A recent High Court case is an interesting example of the extent to which entities complicit in the breach of EU sanctions are still able to bring legal proceedings relating to matters arising out of those breaches. However, it is difficult to draw any broad principles from this case given its specific factual circumstances. Of particular interest is the judge's analysis that it was considered material that the relevant activity breaching the sanctions at the time was no longer prohibited.
The recent decision in Barclays Bank plc v Price extends the established test that a demand made under a guarantee for an excessive amount may nevertheless be effective as a demand for what is due in circumstances where the amount that has been demanded exceeds an express liability cap. This judgment will surely be a welcome extension of the authorities relating to the operation of guarantees (and the demands made thereunder) for the creditors that benefit from such arrangements.
The Court of Appeal has dismissed an application to strike out a claim for abuse of process on the basis of Summers v Fairclough in circumstances where final judgment had already been handed down. There are already established methods of challenging judgments allegedly obtained by fraud, and these should be utilised instead.
A recent case reiterates the significance that the courts will ascribe to the use of industry-standard documentation when considering 'competing' jurisdiction clauses in related contracts. The case also provides an important reminder of the necessity of seeking the court's direction before engaging expert evidence, particularly in the interim stages of litigation.
In a recent case, the High Court confirmed the validity of a senior noteholder's directions under a note structure governed by the laws of multiple jurisdictions. In doing so, it highlighted the common ground between the London and New York markets with regard to the common law principles of contractual construction and demonstrated the efficiency of the speedy trial procedure in the Financial List.
In a case concerning misconduct in public office, the claimants sought to challenge the decision not to prosecute by beginning judicial review proceedings against defendants that included the director of public prosecutions. The court recently held that a limited waiver of legal professional privilege prevented the use of the privileged materials in a related judicial review and that legal professional privilege could be reasserted over inadvertently disclosed privileged material.
In a recent case, the Court of Appeal upheld a decision that the appellant bank had breached the Quincecare duty of care which it owed to its corporate customer by making payments without proper enquiry, in circumstances in which a reasonable banker would have been on notice that the customer's director was perpetrating a fraud.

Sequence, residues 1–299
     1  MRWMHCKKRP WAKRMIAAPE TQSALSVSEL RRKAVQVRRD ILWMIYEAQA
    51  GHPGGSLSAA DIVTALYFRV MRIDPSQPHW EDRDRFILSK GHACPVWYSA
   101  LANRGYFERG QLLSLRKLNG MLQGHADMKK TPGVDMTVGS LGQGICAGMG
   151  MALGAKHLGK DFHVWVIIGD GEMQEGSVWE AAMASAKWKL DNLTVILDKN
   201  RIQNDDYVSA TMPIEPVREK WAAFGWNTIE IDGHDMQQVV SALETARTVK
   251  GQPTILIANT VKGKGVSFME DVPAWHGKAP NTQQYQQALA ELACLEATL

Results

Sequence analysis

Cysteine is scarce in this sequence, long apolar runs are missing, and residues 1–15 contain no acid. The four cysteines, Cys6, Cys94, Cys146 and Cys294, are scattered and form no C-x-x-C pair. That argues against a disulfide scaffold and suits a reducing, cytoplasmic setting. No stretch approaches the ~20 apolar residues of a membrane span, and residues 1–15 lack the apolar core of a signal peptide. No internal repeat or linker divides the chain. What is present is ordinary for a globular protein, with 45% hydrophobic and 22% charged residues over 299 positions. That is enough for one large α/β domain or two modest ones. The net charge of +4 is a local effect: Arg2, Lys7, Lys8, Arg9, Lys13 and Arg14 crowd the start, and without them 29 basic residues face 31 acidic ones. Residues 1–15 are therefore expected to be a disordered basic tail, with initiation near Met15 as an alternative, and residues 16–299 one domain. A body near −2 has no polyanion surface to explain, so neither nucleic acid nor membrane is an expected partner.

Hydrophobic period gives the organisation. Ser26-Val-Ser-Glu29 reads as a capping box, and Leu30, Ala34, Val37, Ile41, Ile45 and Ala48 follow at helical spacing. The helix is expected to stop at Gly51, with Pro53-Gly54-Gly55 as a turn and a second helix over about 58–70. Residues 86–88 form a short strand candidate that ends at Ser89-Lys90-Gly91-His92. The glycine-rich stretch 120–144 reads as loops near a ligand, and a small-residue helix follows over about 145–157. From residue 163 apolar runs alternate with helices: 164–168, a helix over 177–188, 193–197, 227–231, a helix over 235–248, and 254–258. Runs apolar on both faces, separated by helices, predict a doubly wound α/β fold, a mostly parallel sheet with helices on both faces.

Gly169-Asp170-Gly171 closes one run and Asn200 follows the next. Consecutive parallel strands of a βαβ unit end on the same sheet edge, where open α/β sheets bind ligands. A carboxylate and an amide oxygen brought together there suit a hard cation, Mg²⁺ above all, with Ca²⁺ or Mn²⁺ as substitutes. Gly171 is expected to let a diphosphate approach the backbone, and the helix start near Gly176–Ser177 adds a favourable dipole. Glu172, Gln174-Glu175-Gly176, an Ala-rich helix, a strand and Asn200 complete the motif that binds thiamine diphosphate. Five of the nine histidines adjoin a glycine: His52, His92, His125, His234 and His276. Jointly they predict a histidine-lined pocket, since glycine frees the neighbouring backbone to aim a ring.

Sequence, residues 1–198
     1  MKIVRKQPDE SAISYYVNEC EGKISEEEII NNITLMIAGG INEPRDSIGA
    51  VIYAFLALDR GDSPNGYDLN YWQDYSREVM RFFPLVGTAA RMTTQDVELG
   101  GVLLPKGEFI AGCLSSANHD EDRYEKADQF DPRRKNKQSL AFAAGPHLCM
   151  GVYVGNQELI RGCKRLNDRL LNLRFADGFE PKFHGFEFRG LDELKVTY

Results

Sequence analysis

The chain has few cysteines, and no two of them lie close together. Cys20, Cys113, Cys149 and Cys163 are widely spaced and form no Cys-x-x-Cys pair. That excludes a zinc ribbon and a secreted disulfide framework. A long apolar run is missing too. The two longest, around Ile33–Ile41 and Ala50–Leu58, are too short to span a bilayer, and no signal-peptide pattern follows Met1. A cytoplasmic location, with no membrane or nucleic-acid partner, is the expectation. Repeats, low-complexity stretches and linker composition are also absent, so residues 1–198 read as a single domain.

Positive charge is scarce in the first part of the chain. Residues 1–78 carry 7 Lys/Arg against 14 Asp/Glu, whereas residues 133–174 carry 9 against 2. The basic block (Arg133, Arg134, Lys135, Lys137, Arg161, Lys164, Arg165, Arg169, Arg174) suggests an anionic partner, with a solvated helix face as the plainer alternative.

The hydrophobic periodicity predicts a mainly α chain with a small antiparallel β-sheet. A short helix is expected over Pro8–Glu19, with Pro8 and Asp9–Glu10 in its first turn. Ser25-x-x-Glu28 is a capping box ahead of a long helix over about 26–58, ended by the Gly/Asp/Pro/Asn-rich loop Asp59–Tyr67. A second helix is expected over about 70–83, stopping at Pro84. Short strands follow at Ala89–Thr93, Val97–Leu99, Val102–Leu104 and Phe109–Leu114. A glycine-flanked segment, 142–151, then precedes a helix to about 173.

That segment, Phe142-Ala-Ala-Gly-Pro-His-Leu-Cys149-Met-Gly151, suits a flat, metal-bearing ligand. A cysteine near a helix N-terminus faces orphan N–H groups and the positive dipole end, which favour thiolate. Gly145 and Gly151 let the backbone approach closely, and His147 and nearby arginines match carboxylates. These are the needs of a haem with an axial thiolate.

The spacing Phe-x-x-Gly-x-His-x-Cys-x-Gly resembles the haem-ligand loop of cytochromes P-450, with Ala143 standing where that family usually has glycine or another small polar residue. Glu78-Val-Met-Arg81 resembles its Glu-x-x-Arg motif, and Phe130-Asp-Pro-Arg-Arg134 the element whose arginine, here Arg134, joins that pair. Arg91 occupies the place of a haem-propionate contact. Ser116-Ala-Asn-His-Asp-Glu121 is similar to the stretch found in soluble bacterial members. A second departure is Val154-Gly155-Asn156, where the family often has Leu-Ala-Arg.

In Sharp v Blank the High Court considered the defendants' application for approval of their revised cost budget on the basis that there had been significant developments in the litigation. The judgment provides helpful clarification of the court's jurisdiction to approve costs that have already been incurred between the date of the original approved budget and the date of the application hearing.
The High Court recently considered the "unfortunate tension" between Civil Procedure Rules (CPR) 6.14 and 7.5 regarding effective service of a claim. The judgment provides a helpful analysis of the purpose of CPR 6.14 in circumstances where there is uncertainty surrounding the validity of service of a claim form.
The High Court recently considered and applied the principle that the right to waive privilege is not property of a bankrupt which is capable of being vested in the trustee in bankruptcy, thus confirming the Court of Appeal decision in Shlosberg v Avonwick Holdings Ltd and rejecting the application of the Crescent Farm principle in bankruptcy cases. The decision prevented the trustees in bankruptcy from using potentially privileged documents as evidence to support a claim.
In Astor Management AG v Atalaya Mining plc the High Court was once again confronted with the task of interpreting an 'all reasonable endeavours' clause. While the decision confirms that the court will use its best endeavours to give such clauses (and their many infamous variants) legal force, it is a reminder to parties that it is preferable to try to achieve legal certainty by defining the degree of effort required with as much precision as possible.
The Supreme Court recently overturned the decisions of the Upper Tribunal and the Court of Appeal in respect of what it means to be 'identified' in a Financial Conduct Authority enforcement notice. It held that a person is 'identified' if he or she is referred to in such a notice by name or by a synonym. This confirms a narrower interpretation as to whether a person is identified for the purposes of Section 393(1) of the Financial Services and Markets Act 2000.
The Commercial Court was recently faced with an application by the defendants to strike out claims against them on the basis that the claimant had failed to serve claim forms that it had issued several years earlier. The claimant made a cross-application for alternative service or alternatively for service to be dispensed with under the Civil Procedure Rules. The court refused the cross-application and struck out the claim forms. The judgment contains a useful distillation of the principles relevant in this area.